It's February. Schools are getting closer to mid-Winter and Spring breaks. We have all been trapped in close quarters with each and every teacher, staff member, administrator, and student for the large part of six weeks (except for those few snow and ice days). The breeding ground for virus and bacteria has been incubated by the existence of furnace-pumped, artificial heat. And, this year it has hit hard. For the first time in my short six-plus year career, I had to take more than a day off to recover from a bug.
When I had asked my teaching cohort how my guest teacher had done with my students, the answer took me aback. "We didn't have a sub for you," explained one of my teaching colleagues. Another stated, "I was pulled during my planning to cover your first period." Yet another exclaimed that, "I had to cancel my health elective and cover your fifth period." Two feelings filled my mind and heart as I heard this. One, I felt bad for those people who had to alter their schedule in order to cover for me. Second, I grew angry. Where are all of the guest teachers?
I remember being a guest teacher before I earned my full time gig. In most cases, being a substitute meant you were going to deal with misbehaving students and lack of direction. It wasn't the most desirable position. But, for me, it wasn't about the pay check. I did it to get my foot in the door to a school district to advance my career. In the current climate of the education field, I thought others would be on the same path. I guess I was wrong.
The lack of guest teachers in our district has been a problem over the past few years. After doing some reading, it appears our district is not as unique in this capacity as I thought. I began reading an article titled A Day With No Sub in this month's MEA Voice. The article chronicled the day with a shortage of one guest teacher. I was intrigued. According to the article, "14 adults and 134 students were impacted by the missing guest teacher...a grand total of 148 people who had to be flexible and rework a portion of their day," (Denys, p.11). The impact of just one person being out with no coverage is monumental. Those 134 students do not get the full attention they deserve from their classroom teacher. What an absurd travesty. But, how do we get quality guest teachers back into the classroom? Do we bring in retired teachers? Maybe. Do we increase pay? Sure. But, that will not keep guest teachers coming back.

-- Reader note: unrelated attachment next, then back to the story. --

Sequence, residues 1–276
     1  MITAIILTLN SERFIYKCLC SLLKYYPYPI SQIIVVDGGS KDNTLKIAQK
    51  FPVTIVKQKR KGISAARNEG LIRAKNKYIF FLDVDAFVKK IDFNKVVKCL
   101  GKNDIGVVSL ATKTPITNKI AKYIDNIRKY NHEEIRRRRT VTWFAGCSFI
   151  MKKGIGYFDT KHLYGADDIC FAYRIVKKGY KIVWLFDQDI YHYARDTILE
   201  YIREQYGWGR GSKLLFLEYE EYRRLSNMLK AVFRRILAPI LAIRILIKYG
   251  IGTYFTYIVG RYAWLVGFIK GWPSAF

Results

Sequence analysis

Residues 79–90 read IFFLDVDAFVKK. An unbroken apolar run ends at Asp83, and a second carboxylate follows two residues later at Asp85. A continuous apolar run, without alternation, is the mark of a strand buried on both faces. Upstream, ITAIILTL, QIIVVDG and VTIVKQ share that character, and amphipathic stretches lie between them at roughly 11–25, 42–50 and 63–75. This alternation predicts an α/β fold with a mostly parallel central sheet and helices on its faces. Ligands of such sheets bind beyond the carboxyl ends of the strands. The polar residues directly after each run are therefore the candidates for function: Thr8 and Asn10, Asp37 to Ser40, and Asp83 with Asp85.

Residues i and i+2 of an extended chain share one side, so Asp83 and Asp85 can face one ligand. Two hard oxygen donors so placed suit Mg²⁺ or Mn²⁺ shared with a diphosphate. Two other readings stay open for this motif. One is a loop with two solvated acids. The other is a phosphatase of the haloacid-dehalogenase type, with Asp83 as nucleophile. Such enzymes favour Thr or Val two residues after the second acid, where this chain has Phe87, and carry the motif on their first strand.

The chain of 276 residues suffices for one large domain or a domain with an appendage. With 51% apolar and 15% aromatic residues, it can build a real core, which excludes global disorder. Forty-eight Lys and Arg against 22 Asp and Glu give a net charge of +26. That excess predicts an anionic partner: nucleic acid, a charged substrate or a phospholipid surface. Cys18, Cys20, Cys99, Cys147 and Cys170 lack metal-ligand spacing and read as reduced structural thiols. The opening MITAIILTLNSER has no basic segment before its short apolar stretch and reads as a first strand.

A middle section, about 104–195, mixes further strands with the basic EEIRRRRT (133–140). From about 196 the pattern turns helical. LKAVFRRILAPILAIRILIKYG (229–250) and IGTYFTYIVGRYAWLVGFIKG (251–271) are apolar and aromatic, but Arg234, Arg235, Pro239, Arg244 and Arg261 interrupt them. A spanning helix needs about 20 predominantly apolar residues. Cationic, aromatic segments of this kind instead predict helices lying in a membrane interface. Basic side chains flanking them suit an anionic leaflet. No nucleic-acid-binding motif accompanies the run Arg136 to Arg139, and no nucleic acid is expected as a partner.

The one thing I always wanted during my guest teaching experiences was to feel as though I was supported and appreciated. I vividly remember going to work in a specific school in Lansing, Michigan where the principal and assistant principal would come out and welcome me. They would direct me to the room I would be teaching and ensure I had everything. Then, they said the words that made it easy to keep coming back: "If you need anything, make sure you contact me, and I will help you take care of any issues."
What made it so comforting? They meant it. Respected. Appreciated. That is what we need more of. And, I guess throw in that pay bump. Our guest teachers probably wouldn't complain.